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Breastfeeding: 6 things a new mother needs to know

Breastfeeding: 6 things a new mother needs to know

Thursday, November 17, 2016 - 06:14

Nothing can properly prepare you for the amazing experience of becoming a mum for the first time. You may feel an overwhelming pressure to ensure that your baby is fed and this can lead to the early introduction of supplements. Here are some tips for breastfeeding in the first few hours:

1. Wake your baby with some gentle winding before breastfeeding

Your baby is used to being snuggly tucked away inside where there is little stimulation and noise. When your baby is born, you may find that he or she remains quite sleepy, in order to block out the excess stimulation. This can make breastfeeding a little tricky. Where possible, reduce stimulation and use gentle waking methods (rather than a nappy change) where possible.

2. The more skin-to-skin contact the better 

When babies are kept in skin to skin contact with you, they remain really calm. They also wake a lot easier and you can minimise stimulation by keeping baby covered with a light blanket, so that when a feeding time comes round, your baby is rested enough to be able to focus on a feed.

Even just doing an hour of skin to skin a day as shown to be incredibly powerful for establishing and maintain breastfeeding. It is underrated but so important and really lovely and relaxing for both you and your little bub.

3. Breastfeed as often as possible  

The more you feed your baby, the quicker your baby’s blood sugar levels will stabilise. This is important for all mums but even more so for mums with gestational diabetes. If your baby is not interested in feeding, hand express small droplets of colostrum from both breasts every hour and rub this on your baby’s gums. Colostrum is so amazing, even in small amounts and provides everything your baby needs. 

You don’t need formula to stabilise baby’s blood sugar levels, you have everything baby needs.

4. Alternate breasts for effective feeds

Remember that you only have colostrum in the early days and your baby needs as much of this as possible, so where possible feed from both sides and ensure that your baby gets good helpings at each feed.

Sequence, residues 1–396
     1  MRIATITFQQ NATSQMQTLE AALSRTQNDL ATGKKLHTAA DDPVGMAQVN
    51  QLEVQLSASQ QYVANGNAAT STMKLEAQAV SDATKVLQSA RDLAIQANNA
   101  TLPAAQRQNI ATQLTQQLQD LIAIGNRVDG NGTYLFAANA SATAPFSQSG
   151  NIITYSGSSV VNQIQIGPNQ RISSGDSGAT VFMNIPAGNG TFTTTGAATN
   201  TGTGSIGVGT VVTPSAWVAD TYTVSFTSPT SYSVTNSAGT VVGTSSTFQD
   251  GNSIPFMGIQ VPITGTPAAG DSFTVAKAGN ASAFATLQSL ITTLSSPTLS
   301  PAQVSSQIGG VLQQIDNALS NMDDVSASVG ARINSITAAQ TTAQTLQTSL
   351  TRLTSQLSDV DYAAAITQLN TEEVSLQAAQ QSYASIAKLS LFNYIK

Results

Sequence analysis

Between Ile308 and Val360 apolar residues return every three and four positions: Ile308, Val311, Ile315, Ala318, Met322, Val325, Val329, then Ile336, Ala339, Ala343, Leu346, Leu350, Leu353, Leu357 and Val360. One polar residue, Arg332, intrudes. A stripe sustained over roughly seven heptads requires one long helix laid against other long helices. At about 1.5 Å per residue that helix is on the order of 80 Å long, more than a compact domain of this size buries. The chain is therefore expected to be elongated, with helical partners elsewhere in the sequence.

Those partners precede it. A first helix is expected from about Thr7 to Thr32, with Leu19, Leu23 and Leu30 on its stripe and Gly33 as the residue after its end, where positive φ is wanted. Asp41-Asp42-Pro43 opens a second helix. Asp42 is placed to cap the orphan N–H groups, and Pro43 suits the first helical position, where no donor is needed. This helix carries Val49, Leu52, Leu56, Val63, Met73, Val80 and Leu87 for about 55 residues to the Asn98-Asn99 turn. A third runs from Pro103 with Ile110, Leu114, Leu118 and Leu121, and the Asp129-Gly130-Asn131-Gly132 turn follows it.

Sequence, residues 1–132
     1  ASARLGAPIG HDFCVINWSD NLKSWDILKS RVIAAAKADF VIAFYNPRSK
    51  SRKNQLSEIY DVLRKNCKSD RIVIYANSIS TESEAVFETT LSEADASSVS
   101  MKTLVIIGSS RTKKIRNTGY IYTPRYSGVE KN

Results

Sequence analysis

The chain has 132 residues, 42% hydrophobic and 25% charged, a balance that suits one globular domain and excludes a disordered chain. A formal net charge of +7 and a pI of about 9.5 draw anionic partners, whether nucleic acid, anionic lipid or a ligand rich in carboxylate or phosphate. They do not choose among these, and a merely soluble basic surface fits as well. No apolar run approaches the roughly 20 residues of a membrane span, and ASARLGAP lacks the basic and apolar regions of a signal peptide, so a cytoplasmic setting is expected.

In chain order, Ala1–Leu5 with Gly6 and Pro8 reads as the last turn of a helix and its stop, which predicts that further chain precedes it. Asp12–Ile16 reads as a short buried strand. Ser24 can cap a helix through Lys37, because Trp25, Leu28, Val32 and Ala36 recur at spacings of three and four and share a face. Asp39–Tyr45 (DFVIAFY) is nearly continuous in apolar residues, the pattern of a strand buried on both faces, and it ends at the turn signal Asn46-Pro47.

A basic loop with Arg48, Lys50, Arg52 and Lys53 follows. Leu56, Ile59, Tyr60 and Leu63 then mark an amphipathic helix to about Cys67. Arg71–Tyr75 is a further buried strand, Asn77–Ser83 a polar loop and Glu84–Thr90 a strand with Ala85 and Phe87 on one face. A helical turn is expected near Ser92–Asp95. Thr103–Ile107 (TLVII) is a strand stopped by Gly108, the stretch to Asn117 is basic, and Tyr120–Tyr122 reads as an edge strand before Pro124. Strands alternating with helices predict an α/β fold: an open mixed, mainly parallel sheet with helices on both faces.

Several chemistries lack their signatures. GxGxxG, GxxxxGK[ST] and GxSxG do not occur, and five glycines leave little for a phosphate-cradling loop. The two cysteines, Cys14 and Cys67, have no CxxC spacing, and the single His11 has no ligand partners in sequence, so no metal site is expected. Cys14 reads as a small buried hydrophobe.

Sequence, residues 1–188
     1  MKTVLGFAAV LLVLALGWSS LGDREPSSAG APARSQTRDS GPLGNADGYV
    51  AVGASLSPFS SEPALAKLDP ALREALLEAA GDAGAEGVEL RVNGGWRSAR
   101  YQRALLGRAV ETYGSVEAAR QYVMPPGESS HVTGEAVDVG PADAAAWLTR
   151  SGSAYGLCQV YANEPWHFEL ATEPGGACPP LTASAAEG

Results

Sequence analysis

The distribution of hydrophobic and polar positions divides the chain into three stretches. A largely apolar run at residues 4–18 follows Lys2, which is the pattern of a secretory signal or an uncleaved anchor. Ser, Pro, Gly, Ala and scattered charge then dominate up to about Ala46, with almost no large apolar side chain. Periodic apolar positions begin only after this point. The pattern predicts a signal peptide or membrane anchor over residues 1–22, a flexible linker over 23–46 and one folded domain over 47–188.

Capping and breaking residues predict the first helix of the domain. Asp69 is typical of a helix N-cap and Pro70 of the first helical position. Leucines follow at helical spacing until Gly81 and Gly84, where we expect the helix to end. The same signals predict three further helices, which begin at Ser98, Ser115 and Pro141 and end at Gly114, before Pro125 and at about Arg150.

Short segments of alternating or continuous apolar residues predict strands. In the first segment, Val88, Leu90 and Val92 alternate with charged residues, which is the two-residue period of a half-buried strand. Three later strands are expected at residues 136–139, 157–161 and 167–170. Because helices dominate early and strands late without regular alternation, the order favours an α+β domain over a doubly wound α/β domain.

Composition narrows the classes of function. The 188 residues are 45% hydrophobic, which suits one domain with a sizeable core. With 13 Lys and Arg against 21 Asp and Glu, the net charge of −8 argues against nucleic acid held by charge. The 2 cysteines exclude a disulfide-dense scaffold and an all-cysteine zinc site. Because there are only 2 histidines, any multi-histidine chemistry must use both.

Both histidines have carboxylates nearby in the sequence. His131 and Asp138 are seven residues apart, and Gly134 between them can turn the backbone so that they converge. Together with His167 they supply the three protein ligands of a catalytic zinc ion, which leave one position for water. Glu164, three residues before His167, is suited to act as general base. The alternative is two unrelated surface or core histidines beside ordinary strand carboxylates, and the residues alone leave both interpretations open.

By day 3 – 4, your colostrum will transition to transitional milk and this is when mums are told that their milk is ‘coming in’. Your milk will then transition to mature milk round day 10 – 14, by which time breastfeeding will be more established anyway.

So you can see that feeding from both sides at each feed for at least the first 5 days, is not going to be a problem. The more your baby feeds, the more he or she will poop and therefore, the less jaundiced your baby will be. 

One of the most common reasons for offering a bottle of formula is that baby becomes too jaundiced and doesn’t have any bowel movements. 

5. Squeezing milk from your breast will help your baby to feed

This is one tip I believe every mum should know before going into labour. Often little babies are very sleepy at the breast which makes breastfeeding a bit of a nightmare. It is easily rectified by simple breast compression which pushes milk into your baby’s mouth, keeping baby awake and feeding actively for the duration of the feed.

Mums are often told to tickle baby’s toes and back, blow on baby, pat baby’s back to keep baby awake, but this really is ineffective when your little one decides to zone out. Instead, place a flat hand on the breast (not too close to your nipple or you will pull this out of baby’s mouth) then push inward (toward your rib cage) and hold for 20 seconds before moving to a different part of the breast. Work your way all around the breast until baby feels full and satisfied. 

6. Break breastfeeding with a nappy change midway

Breastfeeding is a new concept to your little one. Your baby is used to having food effortlessly delivered in the right quantities via your baby’s umbilical cord, so don’t rush the early day feeds.

Often mums are encouraged to do a nappy change at the start of the feed to wake baby but I suggest that this should be your last resort. Instead, try waking your baby with gentle movements – see my Active winding techniques in my ‘Breastfeeding a ‘fussy’ baby ebook. These gentle movements wake your baby up without creating a stressful situation. 

You can also just undress your baby down to the nappy and place baby on your skin. Hand express a few droplets of colostrum for your baby to lick or taste and you will see that this will help baby wake and latch.

Feed from one breast – use breast compression if you need to keep baby awake

Wind and nappy change – your baby will be less distressed after a little feed

Feed from the same breast or offer the other side if you feel your baby fed well on the first.

If you find that your baby is still offered a bottle feed after trying all this, know that you can get breastfeeding back on track and that breastfeeding has not been ruined forever. After 2 weeks of exclusive breastfeeding, your baby’s gut will be restored and you can get on with breastfeeding in the way you had envisaged.

Geraldine Miskin is a breastfeeding specialist. Visit Geraldine's website.

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